Thursday, April 24, 2008
Top down--bottoms up?
This afternoon at lunch, I took a walk around the local neighborhood for half an hour, listening to my iPod. Set to shuffle, the musical choices covered everything from Black Sabbath to Weather Report. One might say it ranged from darkness to light.
During the walk, it occurred to me that the last two posts exemplify the extremes between which we often find ourselves in the pursuit of our intimate, personal spiritual work and man's "global "effort to understand the metaphysics of the cosmos.
The post about Tawhid presumes a top-down effort to understand the universe; yesterday's post about sitting and observing is , you may agree, more of an example of the bottom-up methodology we usually (but not always) prefer to employ in the Gurdjieff work.
In "The Black Swan" ( Random House, 2007,) Nicholas Taleb pitches a hard-core endorsement of the bottom-up approach. What he says is largely about finance (the world he is most familiar with,) but it might as well be about Gurdjieff's approach to metaphysics.
On page 268, we find the following:
"While many study psychology, mathematics, or evolutionary theory and look for ways to take it to the bank by applying their ideas to business, I suggest the exact opposite: study the intense, uncharted, humbling uncertainty in the markets as a means to get insights about the nature of randomness that is applicable to psychology, probability, mathematics, decision theory, and even statistical physics."
In most spiritual works, we encounter top-down cosmology. (Perhaps only Zen Buddhism is bold enough to throw that premise out the window right at the outset.) Gurdjieff certainly gave us a beautifully complex and elaborated one.
Nonetheless, in an apparent masterstroke which I do not see any clear parallels to-- at least in the spiritual realms we generally traverse--, after presenting his top-down approach to Ouspensky in considerable detail, he insisted that we throw all of that out and begin from the bottom by verifying everything for ourselves piece by piece.
The approach makes perfect sense, because only in this way can a man be certain that everything he arrives at is, at least for himself, of a whole piece of fabric. And Gurdjieff wanted "men" to produce men, not automatons or slaves. His is a work of originators, not imitators.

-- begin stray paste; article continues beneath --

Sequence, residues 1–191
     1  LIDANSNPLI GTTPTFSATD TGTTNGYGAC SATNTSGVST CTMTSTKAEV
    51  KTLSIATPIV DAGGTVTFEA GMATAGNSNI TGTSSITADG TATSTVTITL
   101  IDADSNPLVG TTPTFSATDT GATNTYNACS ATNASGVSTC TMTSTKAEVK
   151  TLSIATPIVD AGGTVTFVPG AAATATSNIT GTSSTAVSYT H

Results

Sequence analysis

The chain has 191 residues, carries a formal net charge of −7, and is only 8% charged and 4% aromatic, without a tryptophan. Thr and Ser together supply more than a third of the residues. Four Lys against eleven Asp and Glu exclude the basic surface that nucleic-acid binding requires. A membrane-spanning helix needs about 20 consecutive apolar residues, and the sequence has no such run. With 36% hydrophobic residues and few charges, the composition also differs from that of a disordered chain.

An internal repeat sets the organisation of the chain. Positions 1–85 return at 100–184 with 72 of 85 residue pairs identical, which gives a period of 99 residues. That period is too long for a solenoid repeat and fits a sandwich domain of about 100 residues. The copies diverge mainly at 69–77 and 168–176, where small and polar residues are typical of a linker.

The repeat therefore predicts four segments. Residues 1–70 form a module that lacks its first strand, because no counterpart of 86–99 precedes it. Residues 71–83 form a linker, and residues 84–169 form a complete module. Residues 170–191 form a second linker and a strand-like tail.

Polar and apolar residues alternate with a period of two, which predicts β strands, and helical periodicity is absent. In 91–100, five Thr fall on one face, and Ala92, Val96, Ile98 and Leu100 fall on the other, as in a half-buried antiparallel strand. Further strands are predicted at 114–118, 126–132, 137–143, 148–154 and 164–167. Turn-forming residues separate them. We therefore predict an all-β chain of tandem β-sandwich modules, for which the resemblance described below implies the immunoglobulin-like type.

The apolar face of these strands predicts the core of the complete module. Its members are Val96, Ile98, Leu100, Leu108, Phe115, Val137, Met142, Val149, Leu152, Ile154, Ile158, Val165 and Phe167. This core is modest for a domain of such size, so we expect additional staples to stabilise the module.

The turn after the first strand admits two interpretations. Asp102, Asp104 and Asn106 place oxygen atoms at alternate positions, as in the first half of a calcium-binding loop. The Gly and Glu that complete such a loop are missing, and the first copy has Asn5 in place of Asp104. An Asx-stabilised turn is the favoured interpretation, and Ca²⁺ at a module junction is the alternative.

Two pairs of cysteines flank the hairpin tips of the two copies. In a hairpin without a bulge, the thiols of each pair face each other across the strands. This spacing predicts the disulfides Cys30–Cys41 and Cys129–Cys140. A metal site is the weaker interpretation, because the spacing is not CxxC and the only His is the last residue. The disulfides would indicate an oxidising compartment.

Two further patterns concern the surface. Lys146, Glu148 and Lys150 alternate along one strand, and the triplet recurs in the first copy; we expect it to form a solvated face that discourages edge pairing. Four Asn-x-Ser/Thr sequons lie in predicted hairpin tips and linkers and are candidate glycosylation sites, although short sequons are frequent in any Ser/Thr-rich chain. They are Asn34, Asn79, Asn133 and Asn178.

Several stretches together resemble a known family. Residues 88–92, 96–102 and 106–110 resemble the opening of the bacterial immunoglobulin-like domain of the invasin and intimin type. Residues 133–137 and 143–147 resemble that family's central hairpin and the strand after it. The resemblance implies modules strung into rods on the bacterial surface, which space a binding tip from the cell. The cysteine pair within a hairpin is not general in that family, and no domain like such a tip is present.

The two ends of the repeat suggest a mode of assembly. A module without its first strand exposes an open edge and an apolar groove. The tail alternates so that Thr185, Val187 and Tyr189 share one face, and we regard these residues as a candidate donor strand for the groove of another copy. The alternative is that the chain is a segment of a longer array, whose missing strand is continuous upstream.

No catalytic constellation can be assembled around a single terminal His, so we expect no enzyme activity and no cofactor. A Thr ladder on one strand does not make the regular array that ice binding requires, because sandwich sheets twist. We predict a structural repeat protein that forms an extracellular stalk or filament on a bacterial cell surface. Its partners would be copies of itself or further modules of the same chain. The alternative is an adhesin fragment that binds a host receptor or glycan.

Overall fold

Because of this, as students of Gurdjieff's path, we agree to inhabit an inherent uncertainty. This has, of course, ended up codifying itself into a perversely buffered form of certainty, proving out the idea that everything eventually becomes its own opposite.
Even so, as we engage in our now disturbingly habitual exchange of phrases such as "we don't know anything," "everything is a question," and so on, we do agree that no matter how much we know, it isn't very much.
And, like those brave Episcopalians (fyi, includes me), who throw out the Pope and brazenly welcome just about anyone who appears at the Church doors, we agree that although we all "worship" the same way, no one of us understands it in quite the same manner as our immediate neighbor.
Needless to say, this does not make us popular with everyone. People, after all, want answers. Gurdjieffians have questions. To the average seeker, the Gurdjieff work looks like a soup kitchen for desperately hungry people which may be serving soup at some indefinite time in the future-
but not today.
The top-down approach, on the other hand, gives one soup to swallow right away, but one has to be willing to swallow it whole ...even the bits that taste bad.
In the bottom-up approach, we can reach deep places in our work which are mysterious and extraordinary and discover understandings which are immediate and compelling, and still not know exactly where we are, or where we are going. This is the humbling moment in which even ordinary statisticians, economists, and professors of uncertainty recognize--if they are pragmatists -- that we inhabit what Taleb calls Extremistan.
A universe where the extraordinary is not only possible, but lawful, and so far exceeds the ordinary that it is all but impossible for us to reliably calibrate anything to respond to it.
Taleb's approach, like Gurdjieff's, is to tiptoe up to this problem carefully, rather than trying to chug-a-lug quarks of metaphysics under the assumption that a temporarily filled belly leads to long term satisfaction.
This leaves us with the dilemma of whether to adopt Gurdjieff's sophisticated cosmology, or his grass-roots methodology.
I frequently find myself stuck between the devil and the deep blue sea on this question. Because I enjoy the beauty of intelligently constructed arguments, I am a sucker for the cosmologies.
At the same time, part of me yearns to dive much deeper than the intellectual shallows of my personal continent will permit. I want to swim out, out and then down--down into that benthic darkness where unknown leviathans lurk, and taste the ice cold waters that well up from places that cannot be seen with eyes, or described with words.
So, my friends, you will probably continue to be served both of these dishes here in this space, for as long as there is a cook to stir the soup, and a waiter to serve it.
May your roots find water, and your leaves know sun.